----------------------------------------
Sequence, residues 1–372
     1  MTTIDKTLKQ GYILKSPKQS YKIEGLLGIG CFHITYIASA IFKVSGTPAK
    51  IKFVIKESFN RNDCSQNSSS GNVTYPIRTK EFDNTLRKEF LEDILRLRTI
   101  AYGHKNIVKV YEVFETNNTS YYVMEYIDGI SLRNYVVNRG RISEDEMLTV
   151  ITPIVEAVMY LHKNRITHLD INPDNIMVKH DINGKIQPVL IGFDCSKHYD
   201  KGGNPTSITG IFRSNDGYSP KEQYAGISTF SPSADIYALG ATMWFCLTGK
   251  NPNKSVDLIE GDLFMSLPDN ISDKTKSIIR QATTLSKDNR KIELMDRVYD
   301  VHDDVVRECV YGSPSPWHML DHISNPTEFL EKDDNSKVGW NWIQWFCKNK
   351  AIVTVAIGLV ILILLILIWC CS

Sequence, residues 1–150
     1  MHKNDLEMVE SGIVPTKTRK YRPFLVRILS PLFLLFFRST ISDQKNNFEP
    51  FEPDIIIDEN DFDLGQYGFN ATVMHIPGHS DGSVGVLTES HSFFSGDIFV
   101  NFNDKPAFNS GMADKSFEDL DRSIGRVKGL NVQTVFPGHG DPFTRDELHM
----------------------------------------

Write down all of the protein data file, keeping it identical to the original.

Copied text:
Sequence, residues 1–372
     1  MTTIDKTLKQ GYILKSPKQS YKIEGLLGIG CFHITYIASA IFKVSGTPAK
    51  IKFVIKESFN RNDCSQNSSS GNVTYPIRTK EFDNTLRKEF LEDILRLRTI
   101  AYGHKNIVKV YEVFETNNTS YYVMEYIDGI SLRNYVVNRG RISEDEMLTV
   151  ITPIVEAVMY LHKNRITHLD INPDNIMVKH DINGKIQPVL IGFDCSKHYD
   201  KGGNPTSITG IFRSNDGYSP KEQYAGISTF SPSADIYALG ATMWFCLTGK
   251  NPNKSVDLIE GDLFMSLPDN ISDKTKSIIR QATTLSKDNR KIELMDRVYD
   301  VHDDVVRECV YGSPSPWHML DHISNPTEFL EKDDNSKVGW NWIQWFCKNK
   351  AIVTVAIGLV ILILLILIWC CS

Sequence, residues 1–150
     1  MHKNDLEMVE SGIVPTKTRK YRPFLVRILS PLFLLFFRST ISDQKNNFEP
    51  FEPDIIIDEN DFDLGQYGFN ATVMHIPGHS DGSVGVLTES HSFFSGDIFV
   101  NFNDKPAFNS GMADKSFEDL DRSIGRVKGL NVQTVFPGHG DPFTRDELHM